Wildlife and Sport Fish Restoration Program
The Pacific Southwest Region, Wildlife and Sport Fish Restoration Program (WSFR), administers grants to other entities, primarily State fish and wildlife agencies to conserve, protect and enhance fish, wildlife, their habitats, and the hunting, sport fishing and recreational boating opportunities they provide. The WSFR Program is located in the Pacific Southwest Regional office in Sacramento, California, and administers ten primary grant programs which total approximately $91 million in grants annually within California, Nevada and Klamath Basin area.
Grant programs administered by WSFR, and the requirements which accompany each, are highly diverse. The WSFR staff works with the potential grant recipients to ensure that they understand the requirements of the individual Acts and that these are met in the process of proposing, selecting and funding projects.
The WSFR also maintains fiscal tracking systems to ensure funds are disbursed appropriately and expenditures are tracked. Performance reports, as well as audit reports, are reviewed to match accomplishments and costs with approved work, or to reconcile audit discrepancies. The WSFR is also responsible for ensuring compliance with a host of other Federal Acts, regulations, and requirements (regarding, for example, National Environmental Policy Act, endangered species, archeological and historical, non-discrimination, exotic organisms, floodplains and wetlands, etc.).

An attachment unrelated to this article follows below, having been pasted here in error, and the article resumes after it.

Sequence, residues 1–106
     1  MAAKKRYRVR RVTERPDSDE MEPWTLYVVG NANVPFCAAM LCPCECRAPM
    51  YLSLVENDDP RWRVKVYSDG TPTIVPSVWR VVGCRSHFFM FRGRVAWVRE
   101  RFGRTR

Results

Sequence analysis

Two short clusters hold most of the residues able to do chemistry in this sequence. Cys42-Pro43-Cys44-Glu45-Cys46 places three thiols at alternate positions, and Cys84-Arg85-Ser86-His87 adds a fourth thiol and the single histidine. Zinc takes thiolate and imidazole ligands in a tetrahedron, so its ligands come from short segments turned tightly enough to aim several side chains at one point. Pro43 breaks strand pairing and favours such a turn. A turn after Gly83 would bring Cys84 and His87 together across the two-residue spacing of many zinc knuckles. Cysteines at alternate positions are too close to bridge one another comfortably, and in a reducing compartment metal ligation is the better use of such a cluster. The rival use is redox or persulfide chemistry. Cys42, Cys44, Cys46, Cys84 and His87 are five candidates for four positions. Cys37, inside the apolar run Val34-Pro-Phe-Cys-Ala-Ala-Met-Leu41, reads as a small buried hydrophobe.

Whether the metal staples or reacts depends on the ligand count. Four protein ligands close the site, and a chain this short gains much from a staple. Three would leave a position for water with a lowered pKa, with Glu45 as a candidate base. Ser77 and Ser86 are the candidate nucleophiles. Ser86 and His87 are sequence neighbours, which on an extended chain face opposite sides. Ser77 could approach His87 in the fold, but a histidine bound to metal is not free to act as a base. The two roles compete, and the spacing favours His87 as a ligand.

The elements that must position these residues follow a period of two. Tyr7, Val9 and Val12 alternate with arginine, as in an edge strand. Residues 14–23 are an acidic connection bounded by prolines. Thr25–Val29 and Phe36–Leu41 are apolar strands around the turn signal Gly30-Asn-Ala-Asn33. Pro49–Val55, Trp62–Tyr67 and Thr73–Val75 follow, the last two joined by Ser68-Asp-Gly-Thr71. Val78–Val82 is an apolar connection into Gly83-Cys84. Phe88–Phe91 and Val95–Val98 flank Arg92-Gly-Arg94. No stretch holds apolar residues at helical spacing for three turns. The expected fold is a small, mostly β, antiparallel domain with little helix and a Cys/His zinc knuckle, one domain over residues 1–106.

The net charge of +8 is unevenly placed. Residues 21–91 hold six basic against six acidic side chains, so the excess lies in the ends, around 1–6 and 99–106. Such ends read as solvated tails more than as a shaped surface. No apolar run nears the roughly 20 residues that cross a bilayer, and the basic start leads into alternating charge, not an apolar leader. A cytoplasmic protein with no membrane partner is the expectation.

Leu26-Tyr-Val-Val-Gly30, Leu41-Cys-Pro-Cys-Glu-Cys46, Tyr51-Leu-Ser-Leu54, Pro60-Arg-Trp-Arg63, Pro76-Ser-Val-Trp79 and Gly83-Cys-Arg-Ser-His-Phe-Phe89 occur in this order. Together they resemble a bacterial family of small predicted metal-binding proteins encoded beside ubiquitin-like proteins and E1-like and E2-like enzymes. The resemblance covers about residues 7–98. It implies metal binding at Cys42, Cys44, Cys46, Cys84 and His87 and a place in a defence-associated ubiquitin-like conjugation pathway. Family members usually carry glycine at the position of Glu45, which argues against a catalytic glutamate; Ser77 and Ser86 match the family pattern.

At the national level, the U.S. Fish & Wildlife Service, Wildlife and Sport Fish Restoration Program works with states, insular areas and the District of Columbia to conserve, protect, and enhance fish, wildlife, their habitats, and the hunting, sport fishing and recreational boating opportunities they provide. The Division of Wildlife and Sport Fish Restoration Program provides oversight and/or administrative support for the following grant programs:
~ Wildlife Restoration Grant Program
Mission: Working through partnerships to conserve and manage fish and wildlife and their habitats for the use and enjoyment of current and future generations.
Vision: Healthy, diverse, and accessible fish and wildlife populations that offer recreation, economic activity,and other societal benefits, in addition to sustainable ecological functions. Guiding principle: Society benefits from conservation-based management of fish and wildlife and their habitats and opportunities to use and enjoy them.
U.S. Fish and Wildlife Service
Pacific Southwest Region
Wildlife and Sport Fish Restoration Program
2800 Cottage Way, W-1729
Pacific Southwest Region WSFR Contact:
Marie Strassburger, Division Chief (916) 414-6727
Grant Programs Annual Funding in Pacific Southwest Region (Fiscal Year 2008)
Wildlife Restoration Act (P-R) - $38.7 Million
National Coastal Wetlands Conservation Grant Continues Restoration On Riverside Ranch Project
In December, 2012, the U.S. Fish and Wildlife Service's (Service) National Coastal Wetlands Conservation Grant Program granted $1 million to the California State Coastal Conservancy (CSCC) to help fund the Riverside Ranch Restoration Project on the Salt River, Humboldt County, California. The Salt River watershed is located about 200 miles north of San Francisco and discharges into the Eel River Estuary, the fourth largest estuary in California. The watershed ecosystem and flood flow capacity had been severely impacted by European settlement activities in the mid-to-late 1800's that converted tidal marsh and woodland habitats to agricultural uses. The historic channel of the Salt River became filled with sediment and vegetation, restricting flows and causing widespread flooding across the valley.